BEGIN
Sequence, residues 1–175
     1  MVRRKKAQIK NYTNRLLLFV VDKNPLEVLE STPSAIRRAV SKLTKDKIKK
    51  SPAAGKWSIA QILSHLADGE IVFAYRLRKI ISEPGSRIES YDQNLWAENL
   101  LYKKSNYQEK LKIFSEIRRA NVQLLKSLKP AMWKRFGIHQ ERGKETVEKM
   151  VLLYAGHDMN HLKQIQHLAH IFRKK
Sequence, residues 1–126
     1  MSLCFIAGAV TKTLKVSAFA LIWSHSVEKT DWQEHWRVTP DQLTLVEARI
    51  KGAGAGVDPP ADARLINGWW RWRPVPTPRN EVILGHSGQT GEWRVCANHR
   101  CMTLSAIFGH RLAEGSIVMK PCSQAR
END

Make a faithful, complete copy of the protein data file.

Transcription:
Sequence, residues 1–175
     1  MVRRKKAQIK NYTNRLLLFV VDKNPLEVLE STPSAIRRAV SKLTKDKIKK
    51  SPAAGKWSIA QILSHLADGE IVFAYRLRKI ISEPGSRIES YDQNLWAENL
   101  LYKKSNYQEK LKIFSEIRRA NVQLLKSLKP AMWKRFGIHQ ERGKETVEKM
   151  VLLYAGHDMN HLKQIQHLAH IFRKK
Sequence, residues 1–126
     1  MSLCFIAGAV TKTLKVSAFA LIWSHSVEKT DWQEHWRVTP DQLTLVEARI
    51  KGAGAGVDPP ADARLINGWW RWRPVPTPRN EVILGHSGQT GEWRVCANHR
   101  CMTLSAIFGH RLAEGSIVMK PCSQAR